For years, education reform efforts at the federal, state and local levels have focused on decreasing the achievement gap between white and minority children, which has often translated to "rich and poor" children. While the gap between these kids has gone under the radar, it continues to grow. Researchers and people working with poor families believe that it is not race that defines the achievement gap; it is socioeconomic status (SES).
Shifting Paradigm of the Achievement Gap
In 1968, Martin Luther King, Jr. launched the Poor People's Campaign, which garnered multiracial participation. It began after King realized that even though African-Americans had gained civil rights, those gains did not improve their material conditions because they remained impoverished. School systems have been integrated since the 1954 Brown v. Board of Education U.S. Supreme Court decision. Yet, the achievement gap has persisted. Perhaps Dr. King was on to something. A 2012 study by Stanford University professor Sean Reardon revealed that the rich-poor achievement gap is now much larger than the white-black achievement gap. This is a reversal from the pattern 50 years ago, when the white-black gap overshadowed the socioeconomic one. In fact, children born in 2001 saw a 40 percent larger achievement gap between rich and poor students than those born in 1974.
Early Childhood Education
According to the American Psychological Association (APA), children from low-SES environments develop academic skills more slowly, acquire language skills more slowly and are at risk for reading difficulties. President Obama affirmed this notion in his 2013 State of the Union Address where he stated, “Study after study shows that the sooner a child begins learning, the better he or she does down the road.” Noting the link between academic achievement and poverty, he expressed, “[for] poor kids who need help the most, this lack of access to preschool education can shadow them for the rest of their lives.”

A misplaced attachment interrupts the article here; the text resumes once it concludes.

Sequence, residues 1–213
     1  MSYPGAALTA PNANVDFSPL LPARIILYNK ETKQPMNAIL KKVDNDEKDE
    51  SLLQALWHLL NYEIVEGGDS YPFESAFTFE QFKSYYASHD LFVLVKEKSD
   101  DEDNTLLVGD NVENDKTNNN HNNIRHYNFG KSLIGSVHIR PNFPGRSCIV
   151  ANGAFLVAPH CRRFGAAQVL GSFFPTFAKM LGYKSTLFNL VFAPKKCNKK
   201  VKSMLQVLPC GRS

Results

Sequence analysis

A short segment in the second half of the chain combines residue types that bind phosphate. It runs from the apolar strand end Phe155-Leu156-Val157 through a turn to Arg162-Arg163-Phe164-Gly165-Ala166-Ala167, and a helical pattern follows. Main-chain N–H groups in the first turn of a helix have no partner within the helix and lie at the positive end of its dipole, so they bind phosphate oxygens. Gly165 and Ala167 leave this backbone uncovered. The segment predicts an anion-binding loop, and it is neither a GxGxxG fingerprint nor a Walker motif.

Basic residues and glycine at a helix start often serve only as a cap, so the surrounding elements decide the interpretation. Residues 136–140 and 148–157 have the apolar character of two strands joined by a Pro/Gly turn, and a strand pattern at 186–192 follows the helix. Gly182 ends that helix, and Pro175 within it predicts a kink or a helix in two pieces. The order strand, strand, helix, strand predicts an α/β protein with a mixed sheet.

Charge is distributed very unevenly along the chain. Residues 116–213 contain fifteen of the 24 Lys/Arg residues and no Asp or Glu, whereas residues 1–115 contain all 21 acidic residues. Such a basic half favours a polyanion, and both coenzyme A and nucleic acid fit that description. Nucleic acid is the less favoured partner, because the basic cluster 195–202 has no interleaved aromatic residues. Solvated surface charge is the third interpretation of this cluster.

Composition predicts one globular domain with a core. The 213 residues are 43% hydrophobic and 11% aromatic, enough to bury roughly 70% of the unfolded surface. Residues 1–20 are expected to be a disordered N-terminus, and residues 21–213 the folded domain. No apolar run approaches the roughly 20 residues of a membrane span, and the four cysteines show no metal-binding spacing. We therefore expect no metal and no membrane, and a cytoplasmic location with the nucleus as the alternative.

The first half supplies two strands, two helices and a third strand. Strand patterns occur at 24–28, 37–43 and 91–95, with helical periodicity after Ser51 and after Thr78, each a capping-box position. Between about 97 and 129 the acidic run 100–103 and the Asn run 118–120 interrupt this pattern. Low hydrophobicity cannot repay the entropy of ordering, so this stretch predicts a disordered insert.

Another link between poverty and the achievement gap is the lack of true school choice. Jenai Hayes, Coordinator of School Choice in the urban Metropolitan Nashville Public Schools (MNPS) knows this quite well. “There is a national push for school choice, but many of our families have problems with transportation,” Hayes says. In several school districts across the country, including MNPS, school options are available, but transportation to those options is not. She adds, “Many poor parents would love to send their kids to better schools within the district, but they can’t get them there because they don’t have a way.” Without system polices that address access barriers, true school choice won’t be achieved.
Campaign to Close the Gap
As income disparities have grown sharply since the 1970s, it seems that the ideology of Dr. King was correct. If we do not address the impact that poverty has on academic achievement, we will not close the gap. Professor Reardon suggests that standardized testing may be the answer. According to his report, “as these scores become more important, families may be increasingly likely to invest in improving their children’s scores.” Perhaps the investment will mean a campaign for a system that breaks the access barrier to earlier and accessible high-quality education.
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